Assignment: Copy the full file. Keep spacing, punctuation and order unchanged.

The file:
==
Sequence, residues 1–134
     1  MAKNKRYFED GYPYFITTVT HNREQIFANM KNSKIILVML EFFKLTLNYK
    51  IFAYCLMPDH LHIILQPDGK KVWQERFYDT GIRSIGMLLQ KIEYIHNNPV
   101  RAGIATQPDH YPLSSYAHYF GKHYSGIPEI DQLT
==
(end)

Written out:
Sequence, residues 1–134
     1  MAKNKRYFED GYPYFITTVT HNREQIFANM KNSKIILVML EFFKLTLNYK
    51  IFAYCLMPDH LHIILQPDGK KVWQERFYDT GIRSIGMLLQ KIEYIHNNPV
   101  RAGIATQPDH YPLSSYAHYF GKHYSGIPEI DQLT